Additional file 3. MAF distribution. Average proportions of SNPs of various frequencies by breed in high-density regions (intervals' upper limit inclusive).

Format: DOC Size: 79KB Download file

This file can be viewed with: Microsoft Word ViewerOpen Data

Additional file 4. Average minor allele frequencies (MAF) per breed across the high density regions in this study.

Format: DOC Size: 52KB Download file

This file can be viewed with: Microsoft Word ViewerOpen Data

thumbnailFigure 1. MAF Distribution. Average proportions of SNPs of various frequencies by cattle group in high-density regions (intervals' upper limit inclusive).

In general, African and indicine breeds exhibited lower MAF values. It could be thought that this is due to an ascertainment bias in the SNP discovery because all targeted SNPs in this study were originally derived by comparison between a Hereford assembly and sequence reads from a series of bacterial artificial chromosomes (BACs) constructed from Holstein DNA. However, analysis of variation from among the major cattle breeds free from SNP ascertainment bias demonstrated a higher genetic diversity in indicine compared to taurine breeds [16]. In the targeted regions, MAF values ranged from a maximum of 0.253 (Holstein) to 0.116 (Nelore), which is a difference of about 28% in the full scale of 0.0 to 0.5. The average decay in MAF between breeds was 1.51%. (see Additional file 4). Furthermore, we compared the proportion of polymorphic SNPs in the selected regions with the proportion of polymorphic SNPs in the entire HapMap data set and found a 20% higher proportion in the complete HapMap data than the selected regions.

Extent of LD and estimation of effective population size

The 1,981 SNPs in the high-density regions were used to evaluate the extent of pairwise LD as a function of physical distance. The complete set of SNPs (31,857) was used to estimate the effective population size in the previous 10,000 generations for each breed. A pair of haplotypes was inferred for each sample using the software fastPHASE version 1.2.3 [17], which provided imputed haplotypes for missing genotypes where necessary.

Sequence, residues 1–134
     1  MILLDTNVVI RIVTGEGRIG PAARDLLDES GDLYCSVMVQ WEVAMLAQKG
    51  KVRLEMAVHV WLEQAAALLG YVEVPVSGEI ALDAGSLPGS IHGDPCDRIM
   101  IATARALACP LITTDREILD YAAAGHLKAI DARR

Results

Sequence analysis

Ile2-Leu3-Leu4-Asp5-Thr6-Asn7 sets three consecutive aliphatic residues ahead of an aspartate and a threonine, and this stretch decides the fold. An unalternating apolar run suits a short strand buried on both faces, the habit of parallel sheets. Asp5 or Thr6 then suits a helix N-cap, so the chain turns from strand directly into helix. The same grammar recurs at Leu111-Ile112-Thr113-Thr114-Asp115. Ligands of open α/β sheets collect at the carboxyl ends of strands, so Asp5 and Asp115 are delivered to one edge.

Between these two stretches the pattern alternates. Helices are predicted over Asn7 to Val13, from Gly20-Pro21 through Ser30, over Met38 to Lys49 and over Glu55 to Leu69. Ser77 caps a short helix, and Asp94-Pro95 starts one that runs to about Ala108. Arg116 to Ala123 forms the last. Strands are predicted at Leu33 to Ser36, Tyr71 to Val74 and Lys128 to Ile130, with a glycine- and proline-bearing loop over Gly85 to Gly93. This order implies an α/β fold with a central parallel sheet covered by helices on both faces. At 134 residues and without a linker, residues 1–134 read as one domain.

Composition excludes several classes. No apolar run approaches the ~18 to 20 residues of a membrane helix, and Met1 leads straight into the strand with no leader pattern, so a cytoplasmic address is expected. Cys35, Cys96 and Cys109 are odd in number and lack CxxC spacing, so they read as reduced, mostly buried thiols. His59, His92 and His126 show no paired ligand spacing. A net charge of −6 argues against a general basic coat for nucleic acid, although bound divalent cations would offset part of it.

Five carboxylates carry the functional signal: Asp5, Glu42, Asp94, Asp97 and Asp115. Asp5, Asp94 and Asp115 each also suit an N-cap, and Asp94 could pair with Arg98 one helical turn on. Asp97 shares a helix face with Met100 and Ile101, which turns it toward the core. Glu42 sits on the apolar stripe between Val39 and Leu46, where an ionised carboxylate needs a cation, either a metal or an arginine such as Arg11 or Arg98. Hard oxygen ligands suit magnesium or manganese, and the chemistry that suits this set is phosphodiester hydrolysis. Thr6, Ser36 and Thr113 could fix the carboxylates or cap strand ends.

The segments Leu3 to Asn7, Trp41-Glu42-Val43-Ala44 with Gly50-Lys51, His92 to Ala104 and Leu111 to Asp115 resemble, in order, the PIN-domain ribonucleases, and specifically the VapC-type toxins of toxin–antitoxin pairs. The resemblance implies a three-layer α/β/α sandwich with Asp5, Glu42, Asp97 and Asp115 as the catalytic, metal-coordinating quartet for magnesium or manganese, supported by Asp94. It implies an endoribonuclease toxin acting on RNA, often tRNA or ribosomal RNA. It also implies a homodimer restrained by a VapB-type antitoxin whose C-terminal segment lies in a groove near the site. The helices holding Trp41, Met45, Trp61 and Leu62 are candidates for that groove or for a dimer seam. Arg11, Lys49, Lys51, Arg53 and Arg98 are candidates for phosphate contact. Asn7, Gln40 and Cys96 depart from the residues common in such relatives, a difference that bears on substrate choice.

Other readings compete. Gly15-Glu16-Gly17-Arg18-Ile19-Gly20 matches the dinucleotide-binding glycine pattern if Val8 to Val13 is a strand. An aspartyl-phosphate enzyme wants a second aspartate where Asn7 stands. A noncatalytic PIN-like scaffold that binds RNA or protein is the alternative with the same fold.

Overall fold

The pairwise LD correlation coefficient r2 was computed from the inferred haplotypes for all pairs of markers within each high-density region. Figure 2 shows the average of r2 value using bins of 5 kb. Consistent with previous analyses in cattle [7,18], the decline of LD as a function of distance was rapid, such that r2 averaged ~0.1 at 100 kb. Hereford, Jersey, and Brown Swiss had consistently higher r2 values relative to the other breeds. In the case of Hereford and Jersey, this result is consistent with a lower resolution analysis (10 kb) previously performed using the same data [16]. In the case of Brown Swiss, the higher resolution inspection permitted us to elucidate its similarity in LD extent with the two previous breeds. As also shown previously [16], at the smaller distances N'Dama had the highest r2 values while the Bos indicus breeds (Brahman, Nelore, and Gir) had the lowest values. In contrast, analyzing r2 values at longer distances, Santa Gertrudis and Sheko were the breeds with the highest r2 values while Angus and Beefmaster were the breeds with the smallest r2 values. See Additional file 5 for the average r2 value for each breed, computed as the mean r2 value across all possible SNP pairs within each targeted region.

Additional file 5. Total average of r2 per breed across high density regions.

Format: DOC Size: 35KB Download file

This file can be viewed with: Microsoft Word ViewerOpen Data

thumbnailFigure 2. Linkage Disequilibrium. LD shows a rapid decline, such that r2 averages ~0.1 at 100 kb. r2 values are averaged using bins of 5 kb.

After adjusting r2 for sample size error (see Methods section), we estimated the effective population size over the 10,000 previous generations (assuming a generation time of six to seven years [15]). This estimation was based on the observation that in a population with constant effective population size N, the approximate expectation of r2 is: , where N is the effective population size 1/(2c) generations in the past, E(r2) is the average of r2 values for all SNPs within a specified range, and c is the median of the range in Morgans (we assumed 1 cM ~1 Mb) [15,19-22].